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The Fight For Academic Hearts and Minds (warning: rant)

Today seems to be a day for synchronicity around the subject of abject failure in academia.  This observation came from two extensive blog posts, one by Max Forte at Open Anthropology and one by Sam Liles at the Selil blog.  Both of these posts deal with complementary, and somewhat related, failures in the current world of academia: Max's post, Beyond Molehills, the High Ground: Dershowitz, Finkelstein, Plagiarism, and Academic Freedom, centres on the concept of academic freedom of discourse, while Sam's, University systems at a crossroads: Furloughs and funding of futures and fantasies, looks at the organizational causes in the material support for academic discourse.

Reading both of these posts back to back gives one a somewhat disheartening view of the modern academy as an organization that values status more than questioning, and business "logic" (which is an oxymoron when applied to universities) to scholarship.  I believe that both Max and Sam are talking about different parts of a system that has lost its goal - the Quest for Truth with the emphasis on Quest - and substituted a bland consumerism both physically and intellectually. This same disturbing trend towards intellectual consumerism, and its managerial organizational corollary, is apparent in the UK and China, as well.

There is an excellent post by David Colquhoun, one of the signatories of a recent letter calling for a "revolt" against the bureaucratic mismanagement of science, entitled How to get good science: again.  One comment he made in that post is especially poignant:

It is all part of a much more general move to trust nobody to do a job properly, and, worse, to then construct a hierarchy of regulators that consists largely of people who have themselves failed at the job they are supposed to be regulating. They then lay down the law about how to do the job to those who have succeeded.

I suppose that it is too much to ask that these bureaucrats study Byzantine history, although the same mindset they exemplify has made the Byzantine Empire what it is today - extinct.

The consumerization of the academy is also having another effect: the growing disenchantment of scholars with the academy.  As Colquhoun noted slightly earlier in his post

Certainly there can be no more inappropriate time than this to be urging universities to act more like businesses. The sight of a bunch of very highly paid bankers who proved incapable of distinguishing good investments from worthless ones is pitiful. That was their job and they failed to do it on a grand scale, The fact that the bastions of conservatism, who have spent most of their lives telling us how wicked it is to bail out failing businesses are now taking many thousands of pounds from me, inspires feelings that are perhaps better left unwritten.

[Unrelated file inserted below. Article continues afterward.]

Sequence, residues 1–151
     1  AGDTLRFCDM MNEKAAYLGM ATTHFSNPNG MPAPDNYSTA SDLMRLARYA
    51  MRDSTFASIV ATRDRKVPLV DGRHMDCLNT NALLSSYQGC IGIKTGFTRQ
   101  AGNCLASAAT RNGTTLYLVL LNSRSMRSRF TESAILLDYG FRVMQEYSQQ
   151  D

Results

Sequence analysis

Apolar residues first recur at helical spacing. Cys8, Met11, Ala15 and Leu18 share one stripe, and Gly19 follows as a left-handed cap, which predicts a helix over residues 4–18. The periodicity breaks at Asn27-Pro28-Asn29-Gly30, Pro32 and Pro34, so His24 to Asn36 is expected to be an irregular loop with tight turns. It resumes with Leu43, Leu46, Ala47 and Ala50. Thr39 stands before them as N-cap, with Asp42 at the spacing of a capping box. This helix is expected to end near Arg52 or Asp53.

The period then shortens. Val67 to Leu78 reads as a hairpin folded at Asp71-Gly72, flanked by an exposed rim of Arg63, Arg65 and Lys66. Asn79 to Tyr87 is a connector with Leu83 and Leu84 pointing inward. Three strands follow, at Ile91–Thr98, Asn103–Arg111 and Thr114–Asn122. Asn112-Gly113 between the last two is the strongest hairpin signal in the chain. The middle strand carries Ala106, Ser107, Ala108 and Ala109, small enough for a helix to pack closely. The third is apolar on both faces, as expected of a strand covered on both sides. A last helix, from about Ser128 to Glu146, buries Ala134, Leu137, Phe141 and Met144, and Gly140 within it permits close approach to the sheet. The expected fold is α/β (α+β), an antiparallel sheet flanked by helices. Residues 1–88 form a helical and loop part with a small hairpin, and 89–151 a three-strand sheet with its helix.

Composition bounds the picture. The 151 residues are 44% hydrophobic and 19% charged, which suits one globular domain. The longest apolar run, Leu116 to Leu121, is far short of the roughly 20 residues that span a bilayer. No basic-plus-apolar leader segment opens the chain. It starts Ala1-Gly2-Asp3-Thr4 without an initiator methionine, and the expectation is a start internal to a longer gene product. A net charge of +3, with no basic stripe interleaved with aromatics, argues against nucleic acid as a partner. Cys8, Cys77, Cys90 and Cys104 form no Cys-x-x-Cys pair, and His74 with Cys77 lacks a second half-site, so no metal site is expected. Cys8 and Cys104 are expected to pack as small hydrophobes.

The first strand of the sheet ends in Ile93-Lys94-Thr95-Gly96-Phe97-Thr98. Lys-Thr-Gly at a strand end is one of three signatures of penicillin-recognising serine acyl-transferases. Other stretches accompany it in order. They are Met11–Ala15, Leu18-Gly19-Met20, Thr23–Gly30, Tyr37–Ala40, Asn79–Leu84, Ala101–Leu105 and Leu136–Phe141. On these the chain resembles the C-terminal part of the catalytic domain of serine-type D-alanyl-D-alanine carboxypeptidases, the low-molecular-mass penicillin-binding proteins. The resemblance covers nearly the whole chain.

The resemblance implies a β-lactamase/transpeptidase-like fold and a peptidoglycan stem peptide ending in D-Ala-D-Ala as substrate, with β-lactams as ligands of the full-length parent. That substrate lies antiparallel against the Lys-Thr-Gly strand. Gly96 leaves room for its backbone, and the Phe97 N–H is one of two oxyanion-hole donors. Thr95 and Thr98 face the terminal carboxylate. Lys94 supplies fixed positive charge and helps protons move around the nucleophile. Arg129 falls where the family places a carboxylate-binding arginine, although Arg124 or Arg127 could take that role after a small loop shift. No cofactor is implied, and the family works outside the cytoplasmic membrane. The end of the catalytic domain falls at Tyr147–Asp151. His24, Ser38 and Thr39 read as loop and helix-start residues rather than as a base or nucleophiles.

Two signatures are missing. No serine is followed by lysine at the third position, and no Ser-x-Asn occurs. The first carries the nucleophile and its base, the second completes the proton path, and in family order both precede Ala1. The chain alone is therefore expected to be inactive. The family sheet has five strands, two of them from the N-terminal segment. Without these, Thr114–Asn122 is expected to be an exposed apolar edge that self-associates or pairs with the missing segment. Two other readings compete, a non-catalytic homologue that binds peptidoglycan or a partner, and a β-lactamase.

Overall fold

This is all part of what Colquhoun refers to as the Age of Endarkenment; a somewhat cynical, albeit distrurbingly accurate, take on current trends. 

What could happen if scholars abandon the academy?  The modern academy started in the ancient world with a variety of "academies", but the first "degree granting institution" appears to have been the University of Al-Karaouine in Morroco founded in 859 ce.  In Europe, the first universities started as private enterprises controlled by their teachers and students (see here).  Universities, as with most orfganizations, changed significantly during the Industrial Revolution and, especially, in the 19th century, giving rise to today's managerial university.

But the Industrial Age is over and dead, although we still have many of its remnants plaguing us today.  The Information Age has its own organizational logic, a logic based on reciprocity based systems rather than on the redistributive systems of the late Industrial Age.  The disparity in these logics is apparent in many sectors and, also, in many of our current conflicts which pit redistributive organizations against reciprocity based ones.  Such a conflict of logics has many profound implications, including implications about the nature of sovereignty, "property", "authority", etc. (one early take on this conflict is in a short story by H. Beam Piper called The Mercenaries).

The idea of an Information Age academy appears, however, to be anathema to many of the bureaucrats who infest the formal academic world. This is not surprising since an Information Age academy would be as far beyond their control as it is beyond their comprehension. The critical indicator of this is the concept of Return on Investment or ROI. IFF an IT strategy increases control then it will be supported, often to ridiculous lengths and extreme costs. However, if an IT strategy decreases control, it will receive little or no support. Consider, by way of example, how much universities will pay for centralized learning support systems such as WebCT when open source alternatives such as moodle are available, or the truly amazing costs and non-usability of many student records systems.

So, what would an Information Age academy built by and for scholars look like?  If you are reading this post, then you already have one example - the CTlab - but there are many others such as Wikipedia, the Small Wars Council, etc.  Max Forte has also, IMO, correctly identified blogging as an alternative to traditional academic venues for exchanging ideas and engaging in scholarly debates.  All of these models deal both with "basic research" as well as immediate areas of concern (aka "applied research"), and all enable learning even if "teaching" is not overtly part of them.

I will finish this post with a question: What sort of academic/scholarly landscape will we see emerging over the next couple of decades?

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